nisaI got my fist camera when I was only 7 years old (a Canon of course). My mother has been a great influence in this field, because she has also travelled all her life and always tries to capture her experiences on camera. She was certainly the one who teased out my passion photography, but I think I really fell in love with it, when I got my first photos developed and I was able to experiences these moments all over again. Travelling back in time naturally isn’t possible, but looking at my photos feels just like it, and this I what I love about the power of photography.

Right now I use a Canon EOS 5D Mark III and three different lenses, depending on what I’m shooting; a Canon EF 24-70mm f/2.8L II, Canon EF 16-35mm f/2.8L II and Canon EF 70-200mm f/2.8L IS II. I’m more than happy with both the body & lenses (actually, I’m a bit in love with the new 5D Mark III), but sometimes I wish that I could just travel with one single device. My camera gear, including all additional gadgets, weighs about 15 kilos and this can get a bit bulky in certain situations. Still, I feel naked without it so I just accept this minor issue and rather travel light with everything else.

Let us know what camera you use and what it is about it that you love in the comments below.

31 Responses

  1. Ellie Aldridge

    Really useful article! I have (and love) a Cannon 450d, but need to take the plunge and invest in at least another lens for it… Glad I’m not the only iPhone fan, too. Camera+ is great for simple filters.
    Ellie Aldridge recently posted..Lemon, gin and ProseccoMy Profile

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  2. Arjen - On My Way To Freedomland

    I photograph for quite a while now and at the moment I own a Nikon D3100. It is affordable and the quality is good. It is not as heavy as the more expensive cameras so easier to use and carry around. And in the end, it is more about the quality of the lenses and the skills of the photographer. There is not a big difference between Nikon and Canon. They both have good cameras but I am just used to Nikon.
    Arjen – On My Way To Freedomland recently posted..The 7-Day Menu: Day 5My Profile

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  3. itsoknoproblem.com

    Agree with Lauren. Canon 550D is affordable and good for beginners. I’ve bought only body and found an old soviet lens from “Industar”. Like my photographer friend said: “Foremost, you need to learn how to use it with manual focus and get a proper lens then.”
    Now we use Canon 600D-kit and i found another lens with auto-focus, but still glass-lens gives way better quality of pics.

    Reply
  4. Clare

    I recently upgraded my camera, but it’s still only a point and shoot (Canon IXUS) – I do love it for the tiny size and ease of use. I just don’t think I could justify the expense of a DSLR at the moment. But maybe that will change if my skills improve enough! I am also not too keen on carrying something round with me that’s too big or heavy so I’ll stick to what I’ve got for now, but we’ll see what happens as time goes on…

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  5. Rachel

    My last RTW was with a tiny Canon Ixus. Perfectly teeny. I’ve since got well into the photography thing and after a small, old DSLR I’ve now got a bigger and heavier Canon 5d II. I love it and can’t travel without it now, the quality is just incredible compared to my old cameras. I’ve done some small, short trips with it but I’m not looking forward to its weight when we RTW later this year! I’m planning to go only with carry-on, so I’ll have to compromise with clothing!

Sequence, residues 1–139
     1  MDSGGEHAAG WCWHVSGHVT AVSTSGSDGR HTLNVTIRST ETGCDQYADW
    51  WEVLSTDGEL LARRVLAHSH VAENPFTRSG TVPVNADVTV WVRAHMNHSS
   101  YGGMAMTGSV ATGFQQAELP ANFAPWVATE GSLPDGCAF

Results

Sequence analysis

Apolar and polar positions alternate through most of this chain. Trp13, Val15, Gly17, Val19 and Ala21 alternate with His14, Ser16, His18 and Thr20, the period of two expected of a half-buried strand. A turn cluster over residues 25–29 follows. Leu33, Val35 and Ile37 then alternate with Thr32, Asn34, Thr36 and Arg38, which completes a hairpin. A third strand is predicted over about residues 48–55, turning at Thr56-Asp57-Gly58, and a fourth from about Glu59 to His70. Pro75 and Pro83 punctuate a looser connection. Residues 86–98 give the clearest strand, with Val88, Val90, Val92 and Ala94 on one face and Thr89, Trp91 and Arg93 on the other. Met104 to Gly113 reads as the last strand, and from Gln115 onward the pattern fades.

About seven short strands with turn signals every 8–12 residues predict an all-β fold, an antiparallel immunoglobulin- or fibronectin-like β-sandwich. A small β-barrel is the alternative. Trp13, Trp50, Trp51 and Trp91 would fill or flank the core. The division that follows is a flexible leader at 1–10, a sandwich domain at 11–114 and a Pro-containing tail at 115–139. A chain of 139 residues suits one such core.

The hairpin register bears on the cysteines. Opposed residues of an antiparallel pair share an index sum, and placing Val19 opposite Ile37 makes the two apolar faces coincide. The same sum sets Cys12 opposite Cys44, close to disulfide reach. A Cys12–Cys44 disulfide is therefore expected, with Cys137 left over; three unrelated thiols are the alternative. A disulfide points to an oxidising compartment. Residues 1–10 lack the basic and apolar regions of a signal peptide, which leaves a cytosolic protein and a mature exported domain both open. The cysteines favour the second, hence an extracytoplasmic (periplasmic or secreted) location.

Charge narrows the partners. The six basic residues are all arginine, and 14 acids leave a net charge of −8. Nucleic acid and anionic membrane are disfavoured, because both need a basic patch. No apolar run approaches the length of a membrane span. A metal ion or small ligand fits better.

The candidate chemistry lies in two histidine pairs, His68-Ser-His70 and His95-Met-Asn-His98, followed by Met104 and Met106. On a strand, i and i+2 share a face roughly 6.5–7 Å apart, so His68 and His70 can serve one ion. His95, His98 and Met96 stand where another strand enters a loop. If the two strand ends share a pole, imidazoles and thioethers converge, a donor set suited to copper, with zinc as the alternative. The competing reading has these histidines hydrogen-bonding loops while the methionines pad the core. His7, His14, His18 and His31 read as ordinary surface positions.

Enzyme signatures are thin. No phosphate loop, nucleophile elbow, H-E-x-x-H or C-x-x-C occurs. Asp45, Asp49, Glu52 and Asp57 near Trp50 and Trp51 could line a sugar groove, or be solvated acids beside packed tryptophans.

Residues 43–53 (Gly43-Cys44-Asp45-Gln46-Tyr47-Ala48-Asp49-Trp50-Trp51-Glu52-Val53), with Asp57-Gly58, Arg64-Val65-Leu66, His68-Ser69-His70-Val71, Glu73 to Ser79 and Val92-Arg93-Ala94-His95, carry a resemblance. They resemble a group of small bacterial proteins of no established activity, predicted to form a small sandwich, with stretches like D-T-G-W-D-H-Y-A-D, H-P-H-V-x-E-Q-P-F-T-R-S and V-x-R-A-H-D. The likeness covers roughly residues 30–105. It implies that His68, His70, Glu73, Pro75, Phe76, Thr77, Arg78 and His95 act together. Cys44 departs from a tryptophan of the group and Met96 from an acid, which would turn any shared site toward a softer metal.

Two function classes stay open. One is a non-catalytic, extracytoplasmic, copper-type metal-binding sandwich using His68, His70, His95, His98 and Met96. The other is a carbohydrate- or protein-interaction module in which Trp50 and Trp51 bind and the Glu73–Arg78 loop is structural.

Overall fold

Reply
  6. Arianwen

    Nikon seems to be winning out there over Canon. I really got to like my Canon SX30IS in South America. It’s very easy to use and survived a lot of bashes and heavy rain too.
    Arianwen recently posted..Christ’s redeeming featuresMy Profile

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    • TheTravelHack

      Thanks Nicole and thanks for sharing the camera you use. It’s so hard when you’re trying to decide what camera to buy because they’re so expensive and it isn’t until you’ve been using it for a few weeks that you know if you like it or not. I’m still trying to figure out how to use my new toy!

      Reply
  7. Turner's Turnouts

    I find that a combination of my Canon Rebel and android works great! The Rebel can be clunky but I love the range of focusing available. Also, I’m totally into Social Media so I’d pretty much die without my android and instagram! ;) Very helpful post. I greatly enjoyed it!

    Reply
    • TheTravelHack

      I’m the same. I love my DSLR but lots of my favourite photos were taken on my iPhone. I love all the apps you can download and how it’s so quick and easy to edit pictures.

      Reply
  8. Ant

    Any camera will do for blogging. I don’t believe it’s about the equipment, it’s about the situation you’re in, the time of day – light available and your ability to spot a moment worth capturing.

    If there is one thing I have found that really improves my photography, it is limiting myself. Limitless Digital means you take too many shots. Using film cameras I find I have to think about the shots much more because film is limited. I now only travel with a 2gb card when I use digital and although my photos are still rubbish, they are way better than they used to be!

    Reply
    • TheTravelHack

      That’s such a good idea Ant. I don’t think I could ever limit myself to a 2gb card but it’s a good idea to try and take fewer pictures and really think about each one. I’m terrible for taking hundreds of crap shots ‘just in case’. I never do anything with all these terrible photos so I’d be much better off trying to take fewer, better quality photos. Thanks for sharing :)